Governments are in a fortunate position of having record low interest rates. These low interest rates have allowed governments to fund sustainably their fiscal policy by debt. This approach is considered sustainable as the expected economic growth is greater than the interest rates, allowing the government to stabilize or reduce their debt to GDP ratio, without increasing taxation. 

Where to from here?

Policy makers must provide some level of comfort for the immediate economy whilst it recovers. However, policy makers need to ensure that the recovery is not at the expense of future economic growth. Countries which are still providing substantial support (e.g. Australia) should construct their future fiscal policy with consideration of the consequences experienced in countries which have removed some or all of their supports (e.g. USA). 

Investors who understand potential motivations and consequences of policy can engage in deeper analysis. An understanding of how current monetary policy influences the current fiscal policy and thereby is influencing firms reliant on government payments, can help investors navigate towards greater returns in these uncertain financial markets.


Australian Broadcasting Corporation: Global construction boom sending timber and iron ore prices through the roof.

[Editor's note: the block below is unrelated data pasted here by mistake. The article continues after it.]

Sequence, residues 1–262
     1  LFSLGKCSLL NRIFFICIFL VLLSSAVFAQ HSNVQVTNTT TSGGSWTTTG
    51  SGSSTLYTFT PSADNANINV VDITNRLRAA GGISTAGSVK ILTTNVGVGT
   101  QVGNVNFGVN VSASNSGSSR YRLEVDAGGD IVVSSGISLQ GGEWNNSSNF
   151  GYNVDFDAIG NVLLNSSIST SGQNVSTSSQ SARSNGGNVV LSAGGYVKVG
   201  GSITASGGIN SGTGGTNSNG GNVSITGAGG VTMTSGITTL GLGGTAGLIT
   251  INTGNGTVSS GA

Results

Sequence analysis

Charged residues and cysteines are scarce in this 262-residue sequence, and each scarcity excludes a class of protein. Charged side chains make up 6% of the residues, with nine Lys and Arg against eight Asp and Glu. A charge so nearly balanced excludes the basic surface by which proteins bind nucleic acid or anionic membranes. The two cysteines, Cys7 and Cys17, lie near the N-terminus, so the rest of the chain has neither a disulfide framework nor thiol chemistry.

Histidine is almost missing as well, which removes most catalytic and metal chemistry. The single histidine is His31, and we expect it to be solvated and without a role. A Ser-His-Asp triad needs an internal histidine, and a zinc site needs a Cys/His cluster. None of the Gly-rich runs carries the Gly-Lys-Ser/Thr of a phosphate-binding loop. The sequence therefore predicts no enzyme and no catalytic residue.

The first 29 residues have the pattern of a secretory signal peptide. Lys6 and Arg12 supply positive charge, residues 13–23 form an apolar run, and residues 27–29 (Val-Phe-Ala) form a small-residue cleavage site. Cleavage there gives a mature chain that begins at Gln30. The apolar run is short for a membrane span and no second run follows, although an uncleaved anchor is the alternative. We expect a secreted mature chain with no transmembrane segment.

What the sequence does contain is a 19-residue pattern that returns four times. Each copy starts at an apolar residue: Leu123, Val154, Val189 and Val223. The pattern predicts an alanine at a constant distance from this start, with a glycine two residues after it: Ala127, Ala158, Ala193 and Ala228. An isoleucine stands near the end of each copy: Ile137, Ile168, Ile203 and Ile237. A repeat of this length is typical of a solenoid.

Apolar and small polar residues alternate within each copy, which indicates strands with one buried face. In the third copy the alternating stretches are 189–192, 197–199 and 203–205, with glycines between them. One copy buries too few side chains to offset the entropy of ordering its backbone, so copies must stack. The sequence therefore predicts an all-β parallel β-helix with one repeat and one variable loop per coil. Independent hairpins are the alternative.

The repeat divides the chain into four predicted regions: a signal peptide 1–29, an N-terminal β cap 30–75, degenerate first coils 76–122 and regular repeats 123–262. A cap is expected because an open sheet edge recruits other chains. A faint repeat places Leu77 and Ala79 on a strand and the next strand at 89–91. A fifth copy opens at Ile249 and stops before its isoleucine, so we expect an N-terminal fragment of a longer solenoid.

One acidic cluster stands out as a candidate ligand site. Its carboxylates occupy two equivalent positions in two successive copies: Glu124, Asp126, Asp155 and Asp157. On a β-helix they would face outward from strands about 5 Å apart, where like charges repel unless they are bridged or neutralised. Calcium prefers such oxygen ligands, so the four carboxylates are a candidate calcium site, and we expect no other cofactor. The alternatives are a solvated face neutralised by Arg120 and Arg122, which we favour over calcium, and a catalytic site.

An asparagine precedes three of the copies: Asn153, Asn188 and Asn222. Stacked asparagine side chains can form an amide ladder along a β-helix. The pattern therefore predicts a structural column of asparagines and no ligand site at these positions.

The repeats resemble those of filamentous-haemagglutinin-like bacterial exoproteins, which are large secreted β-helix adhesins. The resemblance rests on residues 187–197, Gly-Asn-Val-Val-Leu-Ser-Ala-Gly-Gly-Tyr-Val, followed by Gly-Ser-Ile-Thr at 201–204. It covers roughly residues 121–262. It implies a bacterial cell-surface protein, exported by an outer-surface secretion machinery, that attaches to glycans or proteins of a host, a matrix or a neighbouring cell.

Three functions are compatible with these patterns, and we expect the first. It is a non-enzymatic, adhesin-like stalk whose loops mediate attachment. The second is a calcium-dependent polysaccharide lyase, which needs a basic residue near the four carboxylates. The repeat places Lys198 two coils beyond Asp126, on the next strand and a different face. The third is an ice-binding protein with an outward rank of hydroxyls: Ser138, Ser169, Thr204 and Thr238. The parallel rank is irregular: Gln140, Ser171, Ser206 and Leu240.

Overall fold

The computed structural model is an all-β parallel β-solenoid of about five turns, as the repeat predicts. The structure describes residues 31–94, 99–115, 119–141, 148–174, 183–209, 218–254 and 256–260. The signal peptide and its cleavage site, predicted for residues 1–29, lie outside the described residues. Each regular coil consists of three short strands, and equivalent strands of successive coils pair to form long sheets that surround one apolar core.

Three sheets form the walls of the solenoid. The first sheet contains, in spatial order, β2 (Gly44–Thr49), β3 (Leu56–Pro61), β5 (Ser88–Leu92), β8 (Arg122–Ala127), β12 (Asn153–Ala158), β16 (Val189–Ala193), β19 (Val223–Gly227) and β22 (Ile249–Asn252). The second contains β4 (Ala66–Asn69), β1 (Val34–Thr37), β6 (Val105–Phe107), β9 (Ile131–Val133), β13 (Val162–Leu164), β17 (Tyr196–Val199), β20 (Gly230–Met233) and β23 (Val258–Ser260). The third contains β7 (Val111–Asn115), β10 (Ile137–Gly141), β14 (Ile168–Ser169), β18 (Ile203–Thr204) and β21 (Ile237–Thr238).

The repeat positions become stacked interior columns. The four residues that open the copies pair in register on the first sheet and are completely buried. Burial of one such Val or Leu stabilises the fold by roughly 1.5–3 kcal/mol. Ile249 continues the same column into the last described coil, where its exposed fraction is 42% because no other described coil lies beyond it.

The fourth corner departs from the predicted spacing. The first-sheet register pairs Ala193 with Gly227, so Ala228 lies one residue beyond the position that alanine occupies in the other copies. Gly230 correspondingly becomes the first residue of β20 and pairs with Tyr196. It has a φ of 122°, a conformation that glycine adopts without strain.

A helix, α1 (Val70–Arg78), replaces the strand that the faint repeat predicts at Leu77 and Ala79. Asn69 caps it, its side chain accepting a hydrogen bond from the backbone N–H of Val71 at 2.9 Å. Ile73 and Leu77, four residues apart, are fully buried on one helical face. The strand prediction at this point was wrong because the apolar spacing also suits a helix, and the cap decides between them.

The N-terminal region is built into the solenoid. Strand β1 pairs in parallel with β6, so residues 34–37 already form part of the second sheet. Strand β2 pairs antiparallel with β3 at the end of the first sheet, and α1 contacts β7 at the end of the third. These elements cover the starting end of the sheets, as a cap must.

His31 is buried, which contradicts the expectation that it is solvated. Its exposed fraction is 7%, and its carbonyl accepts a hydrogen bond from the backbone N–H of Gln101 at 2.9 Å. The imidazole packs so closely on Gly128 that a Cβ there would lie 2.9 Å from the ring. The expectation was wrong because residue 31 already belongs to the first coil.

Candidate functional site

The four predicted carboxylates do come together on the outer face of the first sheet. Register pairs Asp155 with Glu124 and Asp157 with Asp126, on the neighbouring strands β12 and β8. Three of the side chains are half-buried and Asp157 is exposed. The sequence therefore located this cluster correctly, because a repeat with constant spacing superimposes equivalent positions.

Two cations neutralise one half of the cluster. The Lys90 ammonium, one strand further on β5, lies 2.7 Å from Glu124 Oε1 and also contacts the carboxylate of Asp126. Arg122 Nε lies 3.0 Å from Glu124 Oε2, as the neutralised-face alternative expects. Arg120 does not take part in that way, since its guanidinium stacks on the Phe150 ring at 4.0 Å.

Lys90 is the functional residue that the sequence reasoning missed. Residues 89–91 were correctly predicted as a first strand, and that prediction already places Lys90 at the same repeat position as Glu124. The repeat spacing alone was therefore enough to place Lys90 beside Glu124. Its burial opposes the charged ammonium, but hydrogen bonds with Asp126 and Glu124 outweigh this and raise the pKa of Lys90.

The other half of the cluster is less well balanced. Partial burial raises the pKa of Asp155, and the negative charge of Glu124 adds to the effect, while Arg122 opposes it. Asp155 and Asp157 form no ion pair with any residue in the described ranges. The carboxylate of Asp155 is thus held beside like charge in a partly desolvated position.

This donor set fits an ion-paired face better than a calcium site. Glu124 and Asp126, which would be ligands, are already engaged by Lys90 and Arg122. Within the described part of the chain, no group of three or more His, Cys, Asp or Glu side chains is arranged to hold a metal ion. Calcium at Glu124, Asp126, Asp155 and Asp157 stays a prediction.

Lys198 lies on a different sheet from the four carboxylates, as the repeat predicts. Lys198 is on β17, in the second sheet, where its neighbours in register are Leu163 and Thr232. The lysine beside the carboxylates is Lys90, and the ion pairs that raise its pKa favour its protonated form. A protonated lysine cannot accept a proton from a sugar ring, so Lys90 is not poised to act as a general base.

Bank for International Settlements: 2021 Annual Economic Report June 2021 

CNBC: States cutting unemployment benefits didn’t get people back to work, study finds. 

CNBC” The Junk bond market is on fire this year as yields hit a record low. low.html

CNET: Biden extends eviction ban: What renters need to know about new 60-day order from the CDC. 

Company Rescue: What is a Zombie Company?

The Guardian: Western economies recovering faster than expected from Covid, says IMF.

Financial Times: Labour shortages continue to disrupt economic recovery. 

Marketwatch: Rising defaults in high yield bonds puts this year on track for post 2008.

Reserve Bank of Australia (2021): The global Fiscal Response to Covid-19 

Table 1b. Last Month’s Payment Status for Renter Occupied Housing Units, by Select Characteristics (Housing Tables) From Week 33 Household Pulse Survey: June 23- July 5 by United States Census Bureau.

The Economist: America’s high-yield debt is on ever-shakier foundations.